Home » Politics » Apparently, Complimenting a Woman on her Cooking is Sexist

Apparently, Complimenting a Woman on her Cooking is Sexist


I bet you didn’t know that!

Well, you probably did if you read about the obituary for Yvonne Brill in the New York Times.

Yvonne Brill was a rocket scientist who was born in 1924.  She studied math and chemistry in college, worked as an engineer, married, and took 8 years off work to raise her children.  Her biggest scientific achievement was to invent a propulsion system for communication satellites.

There are hints throughout the obituary that her family was just as much a priority in her life as science was.  For example, she is quoted as saying “Good husbands are harder to find than good jobs” after describing how she and her husband moved multiple times for his work.

The obituary originally begins “She made a mean beef stroganoff, followed her husband from job to job and took eight years off from work to raise three children.  Her son, Matthew Brill, called her ‘the world’s best mom.'”

The Times later changed the “made a mean beef stroganoff” to “was a brilliant rocket scientist.”  Apparently, beginning her obituary with a description of her cooking is sexist and offensive.

A compliment on the cooking of a woman scientist I’ve never heard of is supposed to offend me?  Some people get their feelings hurt way too easily.

Looks to me like the obituary as originally written had the right idea.  If Mrs. Brill left her career for 8 years so she could raise her children, it looks like they were more important to her than her career was.

I understand that feminists want women to go to work and feel fulfilled through their careers, but to some women, family is more important.  If you find that offensive, that’s your problem.

Before I got married, I had big ideas about my career and the difference I would make.  Now, wonderful as my field is, what I really want to be is a mom.  Nothing at work, not even my students, can replace the emptiness I feel over not having my own children.

If the family was happy with the obituary, what right does anyone else have to complain?

When you die, how will you want to be remembered?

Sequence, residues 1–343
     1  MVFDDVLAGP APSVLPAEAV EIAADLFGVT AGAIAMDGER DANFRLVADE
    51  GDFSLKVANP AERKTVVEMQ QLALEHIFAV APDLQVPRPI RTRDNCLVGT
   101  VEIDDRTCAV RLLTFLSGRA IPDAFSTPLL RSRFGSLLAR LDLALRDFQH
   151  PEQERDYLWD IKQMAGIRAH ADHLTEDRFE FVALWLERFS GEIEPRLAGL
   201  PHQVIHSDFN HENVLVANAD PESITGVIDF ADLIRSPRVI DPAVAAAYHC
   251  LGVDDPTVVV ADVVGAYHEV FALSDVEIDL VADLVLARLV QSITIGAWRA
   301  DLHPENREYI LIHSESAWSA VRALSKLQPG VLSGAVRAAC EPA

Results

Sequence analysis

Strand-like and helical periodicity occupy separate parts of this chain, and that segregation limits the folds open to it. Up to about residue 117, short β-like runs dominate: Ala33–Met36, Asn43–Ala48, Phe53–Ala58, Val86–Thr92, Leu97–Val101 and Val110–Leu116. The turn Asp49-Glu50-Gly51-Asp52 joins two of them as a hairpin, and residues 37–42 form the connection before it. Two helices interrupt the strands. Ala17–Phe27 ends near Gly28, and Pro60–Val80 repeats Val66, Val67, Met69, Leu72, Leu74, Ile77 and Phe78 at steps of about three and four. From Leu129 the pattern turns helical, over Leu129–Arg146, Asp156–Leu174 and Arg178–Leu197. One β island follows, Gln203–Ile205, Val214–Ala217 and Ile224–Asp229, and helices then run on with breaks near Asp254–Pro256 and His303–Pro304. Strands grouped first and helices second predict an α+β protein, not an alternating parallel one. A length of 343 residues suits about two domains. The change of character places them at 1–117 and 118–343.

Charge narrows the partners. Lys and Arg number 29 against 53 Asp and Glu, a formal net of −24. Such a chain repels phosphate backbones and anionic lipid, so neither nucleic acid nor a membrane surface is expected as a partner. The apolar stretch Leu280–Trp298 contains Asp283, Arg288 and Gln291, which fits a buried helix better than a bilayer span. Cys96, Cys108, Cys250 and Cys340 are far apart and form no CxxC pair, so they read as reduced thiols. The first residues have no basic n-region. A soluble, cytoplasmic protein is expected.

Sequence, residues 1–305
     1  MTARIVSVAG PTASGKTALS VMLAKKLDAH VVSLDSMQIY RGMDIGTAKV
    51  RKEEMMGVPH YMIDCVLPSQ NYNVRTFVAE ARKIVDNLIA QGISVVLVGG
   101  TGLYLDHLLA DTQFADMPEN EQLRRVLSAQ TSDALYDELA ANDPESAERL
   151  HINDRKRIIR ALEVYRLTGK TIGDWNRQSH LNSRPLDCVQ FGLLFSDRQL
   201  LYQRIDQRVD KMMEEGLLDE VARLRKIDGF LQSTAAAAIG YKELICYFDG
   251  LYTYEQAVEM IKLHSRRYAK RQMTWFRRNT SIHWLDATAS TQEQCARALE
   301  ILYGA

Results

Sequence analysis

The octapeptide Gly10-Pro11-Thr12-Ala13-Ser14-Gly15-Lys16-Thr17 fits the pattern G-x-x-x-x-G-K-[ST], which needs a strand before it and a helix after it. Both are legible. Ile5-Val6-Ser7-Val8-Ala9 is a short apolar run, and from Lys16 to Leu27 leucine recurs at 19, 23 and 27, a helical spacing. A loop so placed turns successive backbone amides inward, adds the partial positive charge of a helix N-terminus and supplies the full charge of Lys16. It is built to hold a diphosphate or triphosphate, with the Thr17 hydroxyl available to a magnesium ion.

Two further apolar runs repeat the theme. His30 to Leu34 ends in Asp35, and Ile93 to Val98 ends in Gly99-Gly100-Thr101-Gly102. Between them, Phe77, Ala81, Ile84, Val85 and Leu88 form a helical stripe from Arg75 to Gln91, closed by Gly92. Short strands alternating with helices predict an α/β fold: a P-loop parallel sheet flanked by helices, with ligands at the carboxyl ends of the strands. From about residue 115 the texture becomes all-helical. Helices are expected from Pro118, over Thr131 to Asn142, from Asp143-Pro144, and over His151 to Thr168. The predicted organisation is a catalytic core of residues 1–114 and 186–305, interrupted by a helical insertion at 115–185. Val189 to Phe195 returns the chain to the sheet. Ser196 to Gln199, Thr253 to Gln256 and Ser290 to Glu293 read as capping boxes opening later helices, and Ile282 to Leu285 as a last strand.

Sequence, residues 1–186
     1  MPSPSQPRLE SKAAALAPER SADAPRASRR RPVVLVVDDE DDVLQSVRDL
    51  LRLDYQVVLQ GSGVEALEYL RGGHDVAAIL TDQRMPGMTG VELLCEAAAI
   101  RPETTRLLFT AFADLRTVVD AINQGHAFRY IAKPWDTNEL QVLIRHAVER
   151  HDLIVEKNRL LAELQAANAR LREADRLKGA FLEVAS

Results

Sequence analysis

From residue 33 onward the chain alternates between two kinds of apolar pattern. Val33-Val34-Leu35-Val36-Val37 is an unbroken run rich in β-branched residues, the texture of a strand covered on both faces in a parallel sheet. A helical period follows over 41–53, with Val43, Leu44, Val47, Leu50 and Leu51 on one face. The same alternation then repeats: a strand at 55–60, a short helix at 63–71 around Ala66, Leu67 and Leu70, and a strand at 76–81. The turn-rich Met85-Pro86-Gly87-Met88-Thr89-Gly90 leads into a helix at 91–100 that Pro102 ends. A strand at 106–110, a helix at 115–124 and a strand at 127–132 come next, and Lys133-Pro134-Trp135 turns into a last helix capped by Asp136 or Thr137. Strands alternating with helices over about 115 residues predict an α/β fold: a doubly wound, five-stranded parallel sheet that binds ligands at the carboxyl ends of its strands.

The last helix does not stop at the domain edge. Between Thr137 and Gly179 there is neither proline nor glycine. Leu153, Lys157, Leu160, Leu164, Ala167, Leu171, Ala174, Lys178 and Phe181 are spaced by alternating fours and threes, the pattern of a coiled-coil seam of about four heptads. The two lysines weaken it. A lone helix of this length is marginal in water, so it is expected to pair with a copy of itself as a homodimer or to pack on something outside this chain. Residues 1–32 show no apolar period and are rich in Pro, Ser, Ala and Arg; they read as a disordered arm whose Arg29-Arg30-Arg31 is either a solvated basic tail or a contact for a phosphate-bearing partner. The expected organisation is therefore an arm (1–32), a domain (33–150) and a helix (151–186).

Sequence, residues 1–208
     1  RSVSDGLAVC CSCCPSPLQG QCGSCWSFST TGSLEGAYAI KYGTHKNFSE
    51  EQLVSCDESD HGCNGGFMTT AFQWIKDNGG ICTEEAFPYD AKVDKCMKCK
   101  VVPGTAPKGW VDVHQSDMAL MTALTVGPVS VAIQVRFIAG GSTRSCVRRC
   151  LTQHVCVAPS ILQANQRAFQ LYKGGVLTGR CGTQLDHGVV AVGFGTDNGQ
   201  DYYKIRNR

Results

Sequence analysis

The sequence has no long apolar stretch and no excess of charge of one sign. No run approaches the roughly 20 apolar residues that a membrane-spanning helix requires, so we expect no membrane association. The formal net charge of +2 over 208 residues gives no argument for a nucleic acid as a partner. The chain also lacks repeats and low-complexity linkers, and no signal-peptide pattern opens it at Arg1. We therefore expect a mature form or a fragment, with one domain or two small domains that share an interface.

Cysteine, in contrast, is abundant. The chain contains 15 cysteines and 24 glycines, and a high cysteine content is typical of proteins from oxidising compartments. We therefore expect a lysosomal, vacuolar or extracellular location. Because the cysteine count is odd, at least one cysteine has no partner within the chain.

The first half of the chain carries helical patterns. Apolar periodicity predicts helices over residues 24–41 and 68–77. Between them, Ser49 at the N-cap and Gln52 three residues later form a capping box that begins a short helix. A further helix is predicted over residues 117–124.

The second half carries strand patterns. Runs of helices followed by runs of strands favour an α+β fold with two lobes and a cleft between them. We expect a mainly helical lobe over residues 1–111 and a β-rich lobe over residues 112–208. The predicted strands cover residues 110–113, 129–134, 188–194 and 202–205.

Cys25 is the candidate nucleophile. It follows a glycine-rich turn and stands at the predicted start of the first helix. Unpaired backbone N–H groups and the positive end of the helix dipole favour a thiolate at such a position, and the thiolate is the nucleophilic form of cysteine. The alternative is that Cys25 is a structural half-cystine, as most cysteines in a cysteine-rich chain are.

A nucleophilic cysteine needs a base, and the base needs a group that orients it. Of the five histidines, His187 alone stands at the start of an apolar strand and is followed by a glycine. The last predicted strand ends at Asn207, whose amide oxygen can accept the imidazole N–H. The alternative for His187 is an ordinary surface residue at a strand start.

With my complete and utter lack of cooking skills, it’s very unlikely I will be remembered for a “mean beef stroganoff,” but I for one would love to be remembered as “the world’s best mom.”

Related Articles (ones that flipped over the stroganoff remark):

The Problem When Sexism Just Sounds So Darn Friendly… on the Scientific American Blog

Stroganoff, sexism and science: the media’s problem with portraying women in the field  in the Allegheny College Newspaper.

The Times obituary (edited): Yvonne Brill, a Pioneering Rocket Scientist, Dies at 88



  1. Mikey Gee says:

    If the obit were written by someone trying to dismiss her achievements then it most certainly should have been edited… but I would guess that it was actually written by someone who knew her very well and cared about her. It makes me sad that her memory is being hijacked by spin doctors.

    It reminds me of how Victor Hugo wanted a simple burial in a poor man’s cemetery with just the epitaph “I believe in God.” but the politicians ignored his wishes and gave him a grand state funeral and an idol of a monument.

    But though I disagree with the NY Times decision I think the classy thing to do is not make an issue of it because people who actually knew the woman are mourning and probably don’t want any sort of drama. So instead I just shake my head and get on with living.

    Also I think you’ll raise very dangerous interesting children. 😇

    • I don’t think any of Mrs. Brill’s loved ones read my blog. In fact, I’m pretty sure only about four people read it on a regular basis.

      I will raise wonderfully intelligent, nerdy children with a passion for language. Maybe I’ll make one into a linguist. 🙂

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